Improve the benefits of coming to the conference further by attending our tutorials, all given by well-known experts.
Both tutorials are full-day events, held on the first day of conference: Tuesday, June 11th.
T1 - Controlling I/O Devices with Ada, using the Remote I/O Protocol
P. Munts, Sweden
This tutorial will demonstrate how to write Ada programs to control external hardware devices using the Linux Simple I/O Library and the Remote I/O Protocol. Attendees will gain hands-on experience with interface hardware based on the Raspberry Pi and other microcomputer and microcontroller boards. The tutorial will explain the Ada packages that form the I/O libraries employed to communicate and control the devices, which attendees will use to access and control a number of external devices.
Attendees should be familiar with the Ada language, but no other knowledge is required. Attendees will need to bring a laptop (MacOS, Windows, or Linux) with AdaCore’s GNAT Community 2018 installed. They will also need to clone or download the Linux Simple I/O Library and Ada Remote I/O Tutorial source code repos.
Reasons for attending
Attendees will learn how to develop Ada programs that control external hardware devices with simple interface hardware such as USB or network interfaces, and equally simple utilities like the Linux Simple I/O Library. During the tutorial, attendees will run their programs using various kinds of I/O servers connected to different hardware boards.
Philip Munts has been an Ada practitioner since 1983. His career has concentrated on embedded systems development, ranging from single chip microcontrollers to a NASA satellite tracking station. He currently works as a software engineer consultant based in Malmö, Sweden. He is particularly interested in running programs written in Ada for very small Linux-based computers such as the PocketBeagle and the Raspberry Pi. Philip will enjoy sharing his passion with tutorial attendees.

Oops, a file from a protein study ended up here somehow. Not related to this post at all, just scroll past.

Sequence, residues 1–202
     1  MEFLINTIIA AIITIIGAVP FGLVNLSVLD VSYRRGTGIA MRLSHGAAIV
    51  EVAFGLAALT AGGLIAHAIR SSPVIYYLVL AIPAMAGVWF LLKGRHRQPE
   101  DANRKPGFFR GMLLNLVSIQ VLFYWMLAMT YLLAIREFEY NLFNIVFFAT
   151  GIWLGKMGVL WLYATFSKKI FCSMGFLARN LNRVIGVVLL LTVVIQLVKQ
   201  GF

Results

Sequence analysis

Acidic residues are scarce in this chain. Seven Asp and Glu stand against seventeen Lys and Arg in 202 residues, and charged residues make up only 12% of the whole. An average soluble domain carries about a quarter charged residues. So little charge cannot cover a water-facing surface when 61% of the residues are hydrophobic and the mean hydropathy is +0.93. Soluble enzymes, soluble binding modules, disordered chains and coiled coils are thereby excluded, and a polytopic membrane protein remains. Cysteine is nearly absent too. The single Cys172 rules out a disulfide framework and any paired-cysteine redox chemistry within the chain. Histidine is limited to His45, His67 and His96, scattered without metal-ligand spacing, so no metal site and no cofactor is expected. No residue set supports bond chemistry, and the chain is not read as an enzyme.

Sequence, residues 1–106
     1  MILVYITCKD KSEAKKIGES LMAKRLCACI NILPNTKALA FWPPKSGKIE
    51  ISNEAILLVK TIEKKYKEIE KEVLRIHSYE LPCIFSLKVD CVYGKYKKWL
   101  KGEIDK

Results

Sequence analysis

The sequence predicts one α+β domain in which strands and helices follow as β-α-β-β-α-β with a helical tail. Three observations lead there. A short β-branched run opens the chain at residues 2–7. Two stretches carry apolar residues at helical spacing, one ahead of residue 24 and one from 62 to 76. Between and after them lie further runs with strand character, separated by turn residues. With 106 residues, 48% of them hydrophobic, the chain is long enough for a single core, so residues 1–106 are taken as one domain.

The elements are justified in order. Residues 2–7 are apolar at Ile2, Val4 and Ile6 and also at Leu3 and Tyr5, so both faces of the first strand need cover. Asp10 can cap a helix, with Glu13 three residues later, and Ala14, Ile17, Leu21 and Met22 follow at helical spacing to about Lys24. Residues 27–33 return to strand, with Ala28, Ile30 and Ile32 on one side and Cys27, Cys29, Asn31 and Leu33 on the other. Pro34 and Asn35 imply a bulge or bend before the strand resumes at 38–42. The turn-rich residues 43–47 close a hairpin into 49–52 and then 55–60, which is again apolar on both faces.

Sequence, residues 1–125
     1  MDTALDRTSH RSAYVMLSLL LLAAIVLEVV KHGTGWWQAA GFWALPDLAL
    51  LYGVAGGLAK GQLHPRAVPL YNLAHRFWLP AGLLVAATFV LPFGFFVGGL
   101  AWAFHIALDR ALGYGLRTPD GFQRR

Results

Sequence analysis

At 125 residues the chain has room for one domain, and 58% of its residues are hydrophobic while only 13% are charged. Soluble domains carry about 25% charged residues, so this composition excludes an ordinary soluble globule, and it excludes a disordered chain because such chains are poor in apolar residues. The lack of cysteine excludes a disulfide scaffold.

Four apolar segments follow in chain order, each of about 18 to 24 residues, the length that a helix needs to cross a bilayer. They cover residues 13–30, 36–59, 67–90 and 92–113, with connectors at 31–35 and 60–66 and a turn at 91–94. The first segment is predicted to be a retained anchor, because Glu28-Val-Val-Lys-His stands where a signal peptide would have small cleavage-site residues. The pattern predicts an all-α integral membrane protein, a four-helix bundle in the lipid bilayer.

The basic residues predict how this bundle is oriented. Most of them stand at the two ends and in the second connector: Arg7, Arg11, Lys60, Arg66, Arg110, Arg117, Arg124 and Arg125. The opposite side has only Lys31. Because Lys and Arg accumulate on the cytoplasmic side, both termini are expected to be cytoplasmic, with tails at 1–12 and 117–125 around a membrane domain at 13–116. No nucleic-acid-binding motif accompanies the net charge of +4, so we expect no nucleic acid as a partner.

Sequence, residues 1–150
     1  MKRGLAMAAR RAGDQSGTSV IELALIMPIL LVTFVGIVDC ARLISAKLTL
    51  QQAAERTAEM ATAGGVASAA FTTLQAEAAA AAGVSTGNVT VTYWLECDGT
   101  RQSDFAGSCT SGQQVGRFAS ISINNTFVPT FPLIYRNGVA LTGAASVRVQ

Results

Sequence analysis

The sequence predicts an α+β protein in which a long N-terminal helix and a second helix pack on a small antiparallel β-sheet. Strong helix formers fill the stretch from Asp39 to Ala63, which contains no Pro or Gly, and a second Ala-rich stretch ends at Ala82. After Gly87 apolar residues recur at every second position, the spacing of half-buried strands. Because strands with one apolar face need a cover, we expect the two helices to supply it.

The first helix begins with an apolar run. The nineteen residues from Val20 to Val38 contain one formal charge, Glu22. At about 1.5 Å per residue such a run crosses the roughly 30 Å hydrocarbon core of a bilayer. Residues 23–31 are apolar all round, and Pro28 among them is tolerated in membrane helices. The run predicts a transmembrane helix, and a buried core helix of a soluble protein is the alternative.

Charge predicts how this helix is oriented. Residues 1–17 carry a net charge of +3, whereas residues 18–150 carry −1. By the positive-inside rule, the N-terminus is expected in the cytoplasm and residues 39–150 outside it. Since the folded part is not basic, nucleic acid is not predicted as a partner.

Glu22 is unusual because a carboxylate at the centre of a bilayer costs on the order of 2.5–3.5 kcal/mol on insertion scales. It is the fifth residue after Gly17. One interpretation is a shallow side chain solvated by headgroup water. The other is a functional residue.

T2 - An introduction to Ada
Jean-Pierre Rosen, Adalog, France
This tutorial is an overview of the Ada programming language, from basic syntax to its most sophisticated features. It focuses on what makes Ada different from other languages, and on the benefits that it provides for safety, reliability, maintainability, reusability, and efficiency. The tutorial covers all the main components of the language, accompanied with many examples. It illustrates the benefits of strong typing, the accurate model of numerical computations, the Ada’s approach to object oriented programming, its unique features for programming by contract, and its support for the concurrency and low level embedded systems programming. It concludes with an overview of the standard libraries (including the annexes), an introduction to SPARK –the high-reliability provable subset of Ada-, an overview of the tools available, and examples of industrial users.
The tutorial is for those (program managers, QA managers, or software developers) who want to understand the benefits of using Ada. Choosing the right language for a project may have a considerable impact on its success. Do not miss this opportunity of including Ada in the panel of considered languages for your next development.
Familiarity with any other programming language. No previous knowledge of Ada is required.
Reasons for attending
- Understand the benefits of using Ada.
- Learn what makes it different to other mainstream programming languages. Appreciate where this is a bonus.
J.P. Rosen is a professional teacher, teaching Ada (since 1979, it was preliminary Ada!), methods, and software engineering. He runs Adalog, a company specialized in providing training, consultancy, and services in all areas connected to the Ada language and software in France. Adalog regularly offers on-site and off-site training sessions in Ada. This tutorial builds on the “advanced Ada’ course offered by Adalog. Jean-Pierre is chairperson of AFNOR's (French standardization body) Ada group, AFNOR's spokesperson at WG9, member of the Vulnerabilities group of WG9, and chairperson of Ada-France.
The tutorial sessions run in two parts, a morning part, 9:30 - 13:00, with a refreshment break, 11:00-11:30,
and an afternoon part, 14:00 - 16:00, followed by a closing break, 16:00-16:30.
The exhibition opens at 16:30, followed by a welcome aperitif at 18:00: all tutorial attendees are invited to them both.